“Morgan was leading by seven with only a minute and a half to go, but they nearly let the game slip away. The Trojans had only a one-point lead during the final seconds until Gary Peterson flipped one in at the buzzer,” stated in the Deseret News.
Gary Peterson, a Morgan County native, was the ultimate package, from an All State basketball player during the week to an all-around rodeo cowboy on the weekends; he filled every open second with something. He could sing, act and even play the trombone. He also dabbled in golf, football and opera singing. This was all for his high school, Morgan High. From the time he was born in 1953 to present day, he strives to be the best at everything he participates in and teaches his family to do the same.
When he was young, his favorite thing to do was go haul hay in the rolling fields with his brothers, Mitch and Stan, and his grandpa, Dick. After, they would ride their horses to Como Springs and swim. He loves where he lives. He said, “I would never live anywhere else. I think living in Morgan was the best thing for me. It was a good life.”
His first big baseball game was in 1965 when he and his little league team, “Little League All Stars,” represented Morgan County in a tournament in California. They didn’t end up winning, but Gary said, “That little league game gave me more drive to be better, to be a winner.”
After his California vacation, he stayed home to help carry his baseball and basketball teams all around Utah, not to mention he also rolled in the dirt during rodeo season. His team was his best friends. They played pranks on each other all the time. When the Vietnam War started, they had the draft, which Gary wasn’t the most excited about. His friends decided to call saying sorry about Vietnam and said their goodbyes. It wasn’t until the day after that he realized it was a trick.
His sophomore year in high school, basketball won the class B region tournament but lost during the state playoffs, but they won the first cage victory with Gary leading with 16 points. Gary also starred in the high school band for Morgan; the trombone player was in various newspaper articles. Additionally, in his 10th grade year, he won a golf meet with his dad at Round Valley golf course here in Morgan. They won many tournaments, with both baseball and basketball. He then got into football, too.
In his junior year, the basketball team won region and a rivalry game between Morgan and North Summit to be in the state playoffs. The baseball team won the region title, but lost to Emery in the state game. Gary did these all while staying in the band which went to Salt Lake City to play a concert. In addition, he got into the opra, which he occasionally floats into now.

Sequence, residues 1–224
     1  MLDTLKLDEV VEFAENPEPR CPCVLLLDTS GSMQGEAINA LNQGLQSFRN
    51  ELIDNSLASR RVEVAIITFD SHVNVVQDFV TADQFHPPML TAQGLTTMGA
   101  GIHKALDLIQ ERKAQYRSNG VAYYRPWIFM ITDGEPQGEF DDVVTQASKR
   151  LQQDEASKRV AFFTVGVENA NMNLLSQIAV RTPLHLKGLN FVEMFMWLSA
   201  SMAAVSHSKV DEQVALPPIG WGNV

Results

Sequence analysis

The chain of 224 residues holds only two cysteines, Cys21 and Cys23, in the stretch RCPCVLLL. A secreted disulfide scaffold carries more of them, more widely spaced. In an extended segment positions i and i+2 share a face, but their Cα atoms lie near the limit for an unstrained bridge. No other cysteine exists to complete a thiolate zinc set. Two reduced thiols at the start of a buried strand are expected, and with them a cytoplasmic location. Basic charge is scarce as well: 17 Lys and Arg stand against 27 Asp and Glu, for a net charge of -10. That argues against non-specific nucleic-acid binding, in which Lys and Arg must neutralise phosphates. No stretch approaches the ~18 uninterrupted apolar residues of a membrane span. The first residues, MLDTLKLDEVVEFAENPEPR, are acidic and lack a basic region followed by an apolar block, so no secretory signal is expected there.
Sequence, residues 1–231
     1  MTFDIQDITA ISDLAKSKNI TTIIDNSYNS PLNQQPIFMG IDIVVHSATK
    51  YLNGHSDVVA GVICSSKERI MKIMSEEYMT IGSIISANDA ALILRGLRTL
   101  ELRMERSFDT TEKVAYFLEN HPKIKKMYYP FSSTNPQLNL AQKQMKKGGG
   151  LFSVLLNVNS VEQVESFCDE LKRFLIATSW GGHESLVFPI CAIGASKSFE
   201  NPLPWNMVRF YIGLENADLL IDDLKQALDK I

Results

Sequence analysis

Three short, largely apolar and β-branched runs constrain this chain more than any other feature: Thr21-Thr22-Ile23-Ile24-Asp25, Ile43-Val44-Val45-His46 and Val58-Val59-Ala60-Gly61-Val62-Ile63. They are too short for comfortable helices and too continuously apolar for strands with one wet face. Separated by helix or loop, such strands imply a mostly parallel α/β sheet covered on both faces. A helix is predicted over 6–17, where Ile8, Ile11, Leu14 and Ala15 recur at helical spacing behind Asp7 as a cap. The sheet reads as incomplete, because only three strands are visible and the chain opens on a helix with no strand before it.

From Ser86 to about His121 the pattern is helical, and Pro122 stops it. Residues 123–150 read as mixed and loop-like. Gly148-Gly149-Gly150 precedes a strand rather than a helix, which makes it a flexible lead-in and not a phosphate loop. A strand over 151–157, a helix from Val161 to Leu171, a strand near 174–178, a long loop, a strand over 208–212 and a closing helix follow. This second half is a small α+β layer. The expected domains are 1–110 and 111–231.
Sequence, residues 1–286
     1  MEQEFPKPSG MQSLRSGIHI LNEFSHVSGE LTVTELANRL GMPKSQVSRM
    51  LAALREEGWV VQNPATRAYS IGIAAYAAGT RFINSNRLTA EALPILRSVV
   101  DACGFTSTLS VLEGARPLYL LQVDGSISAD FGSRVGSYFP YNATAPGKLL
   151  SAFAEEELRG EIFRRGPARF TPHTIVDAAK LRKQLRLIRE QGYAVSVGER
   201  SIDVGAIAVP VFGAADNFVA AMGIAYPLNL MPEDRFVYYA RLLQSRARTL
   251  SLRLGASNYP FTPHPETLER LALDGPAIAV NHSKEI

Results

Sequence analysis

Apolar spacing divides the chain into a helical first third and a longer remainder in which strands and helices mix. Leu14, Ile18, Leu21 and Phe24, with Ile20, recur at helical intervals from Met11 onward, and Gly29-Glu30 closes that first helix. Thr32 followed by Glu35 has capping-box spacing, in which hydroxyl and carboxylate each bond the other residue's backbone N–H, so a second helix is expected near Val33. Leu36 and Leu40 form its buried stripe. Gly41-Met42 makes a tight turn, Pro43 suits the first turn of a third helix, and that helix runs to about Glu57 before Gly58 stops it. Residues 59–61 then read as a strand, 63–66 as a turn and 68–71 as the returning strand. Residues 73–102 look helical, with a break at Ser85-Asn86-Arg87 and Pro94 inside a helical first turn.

Although his junior and sophomore year was hard to beat, he did it. His senior year, 1971, was one for the books. His baseball team won state playoffs and Gary got many articles on his sports accomplishments, “So much potential in the fact that Gary has been the object of envy from some of the state colleges coaches that have been prowling around the high school gyms.” He got the honor of being named on the all-state basketball team for Utah and the best all-around athlete for Utah. He got a letter from the Utah congressmen saying congratulations for his spotlight. He got four full-ride scholarships from Utah State, Miles Community College, Utah University and Ricks College. Gary got prep of the week and got an athletic watch from the capitol building in Salt Lake City. He also acted in “My Fair Lady” and was a trombone prospect.
After high school he won the RMRA, Rocky Mountain Rodeo Association, all-around cowboy title. Also, he won the steer wrestling champion of the year. Although he may have had a great career, he remained humble. He always says, “Be a leader, not a follower, but stay humble.” He definitely showed this throughout his life.
Gary, now age 64, now resides in the Morgan home where he grew up. He has two children, Chad and Matthew Peterson, with his wife, Judy. Together they have four grandchildren: Shambrae, Brooklyn, Kash and Kendall Peterson. He lives within a mile of his brothers, Mitch and Stan, and a sister, Marci Jones. Gary is very close to his parents, Marlene and Larry Peterson.
He still keeps up with his rodeo career with $25,000 in team roping winnings the past few years. He says, “The hardest thing about growing up is supporting a family, but the most rewarding is seeing that family grow up and having their own.” Gary has showed his family the real meaning of hard work and continues the lesson to today.